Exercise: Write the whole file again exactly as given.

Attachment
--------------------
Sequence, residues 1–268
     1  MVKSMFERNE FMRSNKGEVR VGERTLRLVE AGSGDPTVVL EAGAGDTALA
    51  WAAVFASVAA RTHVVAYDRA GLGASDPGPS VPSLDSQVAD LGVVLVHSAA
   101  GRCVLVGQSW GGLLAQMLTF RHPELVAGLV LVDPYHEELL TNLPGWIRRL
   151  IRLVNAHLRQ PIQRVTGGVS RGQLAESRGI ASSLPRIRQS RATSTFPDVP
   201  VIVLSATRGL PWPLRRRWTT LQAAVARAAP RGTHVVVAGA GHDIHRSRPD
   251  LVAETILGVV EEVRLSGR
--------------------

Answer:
Sequence, residues 1–268
     1  MVKSMFERNE FMRSNKGEVR VGERTLRLVE AGSGDPTVVL EAGAGDTALA
    51  WAAVFASVAA RTHVVAYDRA GLGASDPGPS VPSLDSQVAD LGVVLVHSAA
   101  GRCVLVGQSW GGLLAQMLTF RHPELVAGLV LVDPYHEELL TNLPGWIRRL
   151  IRLVNAHLRQ PIQRVTGGVS RGQLAESRGI ASSLPRIRQS RATSTFPDVP
   201  VIVLSATRGL PWPLRRRWTT LQAAVARAAP RGTHVVVAGA GHDIHRSRPD
   251  LVAETILGVV EEVRLSGR